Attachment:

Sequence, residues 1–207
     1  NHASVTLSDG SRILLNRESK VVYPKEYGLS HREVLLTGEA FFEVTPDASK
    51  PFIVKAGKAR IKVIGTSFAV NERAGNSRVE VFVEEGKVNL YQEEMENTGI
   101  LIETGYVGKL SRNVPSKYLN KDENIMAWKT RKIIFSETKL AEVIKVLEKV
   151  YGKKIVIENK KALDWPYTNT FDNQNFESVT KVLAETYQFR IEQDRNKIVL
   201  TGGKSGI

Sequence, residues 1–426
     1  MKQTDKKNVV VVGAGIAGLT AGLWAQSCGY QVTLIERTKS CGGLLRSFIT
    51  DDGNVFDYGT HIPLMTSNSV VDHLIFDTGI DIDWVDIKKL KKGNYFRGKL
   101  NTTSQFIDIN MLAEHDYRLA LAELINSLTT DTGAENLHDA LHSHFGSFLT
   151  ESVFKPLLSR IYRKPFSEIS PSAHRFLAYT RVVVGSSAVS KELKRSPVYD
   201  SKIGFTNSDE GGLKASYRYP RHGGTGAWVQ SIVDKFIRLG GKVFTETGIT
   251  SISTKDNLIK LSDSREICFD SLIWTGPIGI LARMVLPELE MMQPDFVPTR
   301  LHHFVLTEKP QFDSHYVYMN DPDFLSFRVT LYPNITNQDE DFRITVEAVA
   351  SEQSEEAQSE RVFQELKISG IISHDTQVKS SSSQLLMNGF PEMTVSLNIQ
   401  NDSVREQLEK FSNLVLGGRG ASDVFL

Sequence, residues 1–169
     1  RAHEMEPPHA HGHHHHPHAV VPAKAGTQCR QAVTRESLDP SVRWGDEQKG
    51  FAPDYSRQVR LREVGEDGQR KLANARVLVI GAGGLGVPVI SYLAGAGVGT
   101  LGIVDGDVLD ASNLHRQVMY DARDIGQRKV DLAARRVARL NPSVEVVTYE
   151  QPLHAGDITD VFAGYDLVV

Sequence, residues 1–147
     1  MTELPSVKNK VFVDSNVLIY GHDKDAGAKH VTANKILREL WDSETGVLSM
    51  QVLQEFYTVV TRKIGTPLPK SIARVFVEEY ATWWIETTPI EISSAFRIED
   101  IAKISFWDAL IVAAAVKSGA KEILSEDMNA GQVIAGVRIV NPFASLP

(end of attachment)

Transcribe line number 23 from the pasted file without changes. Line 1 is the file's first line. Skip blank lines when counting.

     1  MTELPSVKNK VFVDSNVLIY GHDKDAGAKH VTANKILREL WDSETGVLSM